Miriam Nash

Miriam Nash spent her early years on the Isle of Erraid off the west coast of Scotland, where Robert Louis Stevenson’s family once worked as lighthouse engineers. Voices of the island echo through her first collection, All the Prayers in the House (Bloodaxe, 2017), which holds at its heart the rupture and re-imagining of a family. The collection was runner-up in the Edwin Morgan Awards 2016 and won an Eric Gregory Award in 2015. In 2012, Miriam was awarded a Fulbright Scholarship to study poetry at the Sarah Lawrence College in New York.


Photo: Naomi Woddis


Border Crossings »

Reading: Miriam Gamble, Miriam Nash

Fri 9 March | 14:15 - 15:15 | £4.50/£3.50 | The Town Hall, Queens Gardens, Supper Room

Past & Present »

Brother Anthony on Korean poetry, Miriam Nash on Gwendolyn Brooks

Sat 10 March | 11:30 - 12:30 | £4.50/£3.50 | The Town Hall, Queens Gardens, Council Chamber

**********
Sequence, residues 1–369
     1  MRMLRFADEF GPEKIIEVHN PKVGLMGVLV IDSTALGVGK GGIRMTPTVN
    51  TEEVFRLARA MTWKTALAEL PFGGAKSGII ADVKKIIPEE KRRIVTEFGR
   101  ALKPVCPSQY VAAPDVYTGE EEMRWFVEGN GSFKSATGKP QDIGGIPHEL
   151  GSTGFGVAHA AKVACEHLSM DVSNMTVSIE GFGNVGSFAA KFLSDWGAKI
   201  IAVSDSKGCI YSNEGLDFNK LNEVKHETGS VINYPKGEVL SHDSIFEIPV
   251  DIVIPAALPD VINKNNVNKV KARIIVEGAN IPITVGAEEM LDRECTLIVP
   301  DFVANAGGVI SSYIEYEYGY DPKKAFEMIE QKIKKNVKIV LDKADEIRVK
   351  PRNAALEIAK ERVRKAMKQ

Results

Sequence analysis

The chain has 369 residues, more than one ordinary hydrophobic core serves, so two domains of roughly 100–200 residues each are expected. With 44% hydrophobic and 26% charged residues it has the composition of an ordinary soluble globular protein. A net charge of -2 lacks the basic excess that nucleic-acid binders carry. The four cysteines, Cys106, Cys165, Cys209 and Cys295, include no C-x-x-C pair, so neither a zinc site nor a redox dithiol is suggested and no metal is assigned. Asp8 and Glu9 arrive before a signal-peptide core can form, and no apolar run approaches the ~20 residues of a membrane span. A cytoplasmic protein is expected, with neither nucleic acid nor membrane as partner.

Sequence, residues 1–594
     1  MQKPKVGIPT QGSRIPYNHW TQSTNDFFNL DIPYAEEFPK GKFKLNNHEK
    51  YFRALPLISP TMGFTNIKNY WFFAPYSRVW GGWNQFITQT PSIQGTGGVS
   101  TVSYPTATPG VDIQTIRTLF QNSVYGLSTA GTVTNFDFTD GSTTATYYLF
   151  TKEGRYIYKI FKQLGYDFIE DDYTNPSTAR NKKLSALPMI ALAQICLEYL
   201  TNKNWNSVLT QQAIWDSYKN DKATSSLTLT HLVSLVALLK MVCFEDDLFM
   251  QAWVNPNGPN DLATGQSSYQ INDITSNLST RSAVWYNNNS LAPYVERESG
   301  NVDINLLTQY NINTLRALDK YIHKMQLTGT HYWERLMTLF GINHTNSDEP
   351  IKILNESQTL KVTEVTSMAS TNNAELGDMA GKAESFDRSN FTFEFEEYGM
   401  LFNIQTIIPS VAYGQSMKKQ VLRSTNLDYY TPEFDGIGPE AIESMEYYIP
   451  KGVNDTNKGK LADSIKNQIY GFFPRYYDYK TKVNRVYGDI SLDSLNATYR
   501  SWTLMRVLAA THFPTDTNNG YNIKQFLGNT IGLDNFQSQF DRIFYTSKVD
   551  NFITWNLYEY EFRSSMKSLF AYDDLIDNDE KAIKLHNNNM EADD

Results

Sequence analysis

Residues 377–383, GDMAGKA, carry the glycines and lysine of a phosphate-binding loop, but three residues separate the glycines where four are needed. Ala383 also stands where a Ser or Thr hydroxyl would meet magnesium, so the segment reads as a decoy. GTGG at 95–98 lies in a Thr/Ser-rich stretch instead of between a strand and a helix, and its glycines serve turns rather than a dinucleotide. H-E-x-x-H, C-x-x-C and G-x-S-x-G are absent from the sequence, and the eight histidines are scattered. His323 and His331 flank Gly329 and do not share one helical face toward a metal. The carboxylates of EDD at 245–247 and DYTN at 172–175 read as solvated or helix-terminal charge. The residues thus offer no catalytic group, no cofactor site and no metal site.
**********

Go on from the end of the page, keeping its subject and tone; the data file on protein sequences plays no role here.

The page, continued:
The Mother Tells Her Daughter of a Storm

One night, when your Dad was out in the boat
in the worst gale I remember, I looked round
and there they were—all those fisherwomen
who’d waited for their men while the sea
spun up and slates crashed from the roofs.
The women sat, reasoning then pleading
with the sea to give the fathers back,
holding the babies up as human prayers.
The lighthouse women were there too,
wearing their white aprons, thinking if if if
and promising their hearts as solid faith
in exchange for the keepers—fourteen miles out,
tending the one light of the Torran rocks.
The women sat with me, as if they hadn’t done
enough of this when they were alive
and I held you up to calm them, under the lamp.

Miriam Nash

From All the Prayers in the House (Bloodaxe Books, 2017)

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